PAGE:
The impact of religiosity and ethnicity on marital satisfaction in Jewish-Christian couples
This study examined the impact of religiosity, ethnic identity, and other-group orientation on marital satisfaction in Jewish-Christian couples. Couples were recruited through family and acquaintance networks, interfaith support groups, Jewish-affiliated outreach programs, the Internet, and a newsletter for Jewish-Christian families. The participants completed a measure of religiosity, the Multigroup Ethnic Identity Measure, the Dyadic Adjustment Scale, and a demographic questionnaire.^ Results from multiple regression equations showed that there were no significant predictive relationships between any of the predictor variables and marital satisfaction for wives, husbands, and the total sample. The study also examined the combined knowledge of the couples' levels of religiosity, ethnic identity, and other-group orientation. To this end, three separate 2 (husbands, wives) x 2 (high, low) factorial analyses of variance were conducted: (a) once with wives' marital satisfaction, (b) once with husbands' marital satisfaction, and (c) once with the marital satisfaction of the total population. Median splits were used to determine whether husbands' and wives' scores should be assigned to the high or low grouping. In terms of religiosity, two main effects were found for wives' marital satisfaction: (a) relatively high religiosity wives were more satisfied in their marriage than low religiosity wives, and (b) wives married to husbands with relatively high levels of religiosity were less satisfied in their marriage than wives married to husbands with relatively low levels of religiosity. An interaction effect was also found for wives' marital satisfaction. The only combination of comparison to reach statistical significance was for low religiosity wives married to high religiosity husbands. These couples were found to be less satisfied in their marriage as compared to all other combinations under comparison. There was also an interaction effect, but no main effects, for husbands' marital satisfaction and the total sample but no specific combination of comparisons reached statistical significance. There were no significant findings for ethnic identity or other-group orientation. Finally, the extent to which couples held similar or differing levels of religiosity, ethnic identity, and other-group orientation did not impact significantly marital satisfaction. ^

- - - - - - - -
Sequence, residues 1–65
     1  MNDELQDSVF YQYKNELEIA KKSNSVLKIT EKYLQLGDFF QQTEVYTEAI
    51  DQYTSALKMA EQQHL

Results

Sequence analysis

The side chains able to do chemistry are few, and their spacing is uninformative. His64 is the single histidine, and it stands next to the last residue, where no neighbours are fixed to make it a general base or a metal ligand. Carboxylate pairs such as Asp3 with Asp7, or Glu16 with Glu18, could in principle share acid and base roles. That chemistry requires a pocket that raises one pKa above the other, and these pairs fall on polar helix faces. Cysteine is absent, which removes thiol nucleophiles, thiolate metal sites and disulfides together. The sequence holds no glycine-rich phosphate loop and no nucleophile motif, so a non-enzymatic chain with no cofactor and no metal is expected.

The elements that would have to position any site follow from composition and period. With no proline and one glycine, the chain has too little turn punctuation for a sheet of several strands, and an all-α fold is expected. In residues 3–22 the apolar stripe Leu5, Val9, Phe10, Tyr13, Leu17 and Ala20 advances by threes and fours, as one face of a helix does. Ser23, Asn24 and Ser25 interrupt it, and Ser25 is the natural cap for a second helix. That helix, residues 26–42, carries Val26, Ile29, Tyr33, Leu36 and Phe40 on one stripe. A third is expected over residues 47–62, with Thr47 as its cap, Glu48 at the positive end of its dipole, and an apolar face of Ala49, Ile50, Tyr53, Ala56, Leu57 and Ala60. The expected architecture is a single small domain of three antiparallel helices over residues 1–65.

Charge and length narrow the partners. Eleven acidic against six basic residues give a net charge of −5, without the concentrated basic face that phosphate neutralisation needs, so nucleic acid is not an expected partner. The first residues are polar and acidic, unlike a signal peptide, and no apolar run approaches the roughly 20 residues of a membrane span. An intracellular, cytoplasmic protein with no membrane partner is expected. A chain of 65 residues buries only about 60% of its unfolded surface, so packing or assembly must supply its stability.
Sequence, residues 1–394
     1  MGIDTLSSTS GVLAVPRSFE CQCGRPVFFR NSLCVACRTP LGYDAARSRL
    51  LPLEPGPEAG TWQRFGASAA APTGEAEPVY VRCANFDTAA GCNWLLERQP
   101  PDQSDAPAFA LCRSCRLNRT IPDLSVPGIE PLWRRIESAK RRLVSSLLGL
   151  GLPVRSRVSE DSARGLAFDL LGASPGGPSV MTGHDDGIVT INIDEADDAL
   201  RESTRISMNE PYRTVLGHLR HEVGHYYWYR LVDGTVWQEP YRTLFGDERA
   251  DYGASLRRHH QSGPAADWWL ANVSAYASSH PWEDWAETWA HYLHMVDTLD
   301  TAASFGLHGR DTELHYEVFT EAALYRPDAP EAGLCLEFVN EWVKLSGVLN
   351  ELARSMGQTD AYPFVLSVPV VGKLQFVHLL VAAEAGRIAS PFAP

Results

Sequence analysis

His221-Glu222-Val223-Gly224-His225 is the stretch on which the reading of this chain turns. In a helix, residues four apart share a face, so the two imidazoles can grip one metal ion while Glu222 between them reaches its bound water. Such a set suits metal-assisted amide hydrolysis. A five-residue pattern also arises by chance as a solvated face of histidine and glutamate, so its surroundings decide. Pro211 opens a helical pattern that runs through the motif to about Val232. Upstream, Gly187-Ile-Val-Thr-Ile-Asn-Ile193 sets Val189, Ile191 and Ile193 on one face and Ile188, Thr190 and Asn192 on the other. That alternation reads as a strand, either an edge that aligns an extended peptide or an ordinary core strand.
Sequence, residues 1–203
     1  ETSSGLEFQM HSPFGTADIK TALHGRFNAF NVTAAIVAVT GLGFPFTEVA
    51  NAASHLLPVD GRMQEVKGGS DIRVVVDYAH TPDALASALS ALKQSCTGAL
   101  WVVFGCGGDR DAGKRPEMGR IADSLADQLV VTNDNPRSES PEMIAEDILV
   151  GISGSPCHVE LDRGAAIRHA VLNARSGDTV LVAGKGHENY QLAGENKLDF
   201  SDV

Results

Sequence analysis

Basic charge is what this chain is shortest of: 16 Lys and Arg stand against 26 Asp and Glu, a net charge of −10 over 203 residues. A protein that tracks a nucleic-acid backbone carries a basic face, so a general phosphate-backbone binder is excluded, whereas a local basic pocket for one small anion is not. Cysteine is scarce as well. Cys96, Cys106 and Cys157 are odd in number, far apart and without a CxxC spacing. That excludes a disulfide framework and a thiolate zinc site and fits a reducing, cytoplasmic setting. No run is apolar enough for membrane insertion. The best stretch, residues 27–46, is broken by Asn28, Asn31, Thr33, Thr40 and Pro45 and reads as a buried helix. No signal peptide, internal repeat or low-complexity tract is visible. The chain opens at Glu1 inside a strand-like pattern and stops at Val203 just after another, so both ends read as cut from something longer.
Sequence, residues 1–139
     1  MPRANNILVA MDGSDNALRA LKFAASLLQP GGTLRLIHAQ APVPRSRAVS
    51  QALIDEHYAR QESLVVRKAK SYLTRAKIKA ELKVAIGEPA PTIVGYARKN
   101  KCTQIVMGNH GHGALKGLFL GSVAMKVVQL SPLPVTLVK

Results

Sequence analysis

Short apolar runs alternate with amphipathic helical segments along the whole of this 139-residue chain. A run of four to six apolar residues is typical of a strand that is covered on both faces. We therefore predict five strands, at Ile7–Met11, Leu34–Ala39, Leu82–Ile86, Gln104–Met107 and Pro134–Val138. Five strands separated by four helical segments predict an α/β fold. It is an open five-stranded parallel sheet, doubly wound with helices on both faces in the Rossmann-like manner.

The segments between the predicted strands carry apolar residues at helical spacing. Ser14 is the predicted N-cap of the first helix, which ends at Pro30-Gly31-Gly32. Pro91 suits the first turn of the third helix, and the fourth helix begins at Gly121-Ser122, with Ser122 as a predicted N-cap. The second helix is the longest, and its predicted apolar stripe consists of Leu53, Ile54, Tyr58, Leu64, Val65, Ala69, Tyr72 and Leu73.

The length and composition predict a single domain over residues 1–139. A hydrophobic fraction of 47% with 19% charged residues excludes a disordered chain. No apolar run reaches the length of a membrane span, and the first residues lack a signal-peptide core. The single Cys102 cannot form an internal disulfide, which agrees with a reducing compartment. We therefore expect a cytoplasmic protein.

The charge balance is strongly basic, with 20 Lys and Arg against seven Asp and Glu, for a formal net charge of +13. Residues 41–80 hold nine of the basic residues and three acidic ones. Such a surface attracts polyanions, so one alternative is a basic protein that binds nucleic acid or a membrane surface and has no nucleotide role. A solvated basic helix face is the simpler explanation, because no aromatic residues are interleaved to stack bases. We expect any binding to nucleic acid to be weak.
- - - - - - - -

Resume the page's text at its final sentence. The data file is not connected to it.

Religion, General|Psychology, Social|Sociology, Individual and Family Studies
Lynn Merle Sussman,
"The impact of religiosity and ethnicity on marital satisfaction in Jewish-Christian couples"
(January 1, 1997).
ETD Collection for Fordham University.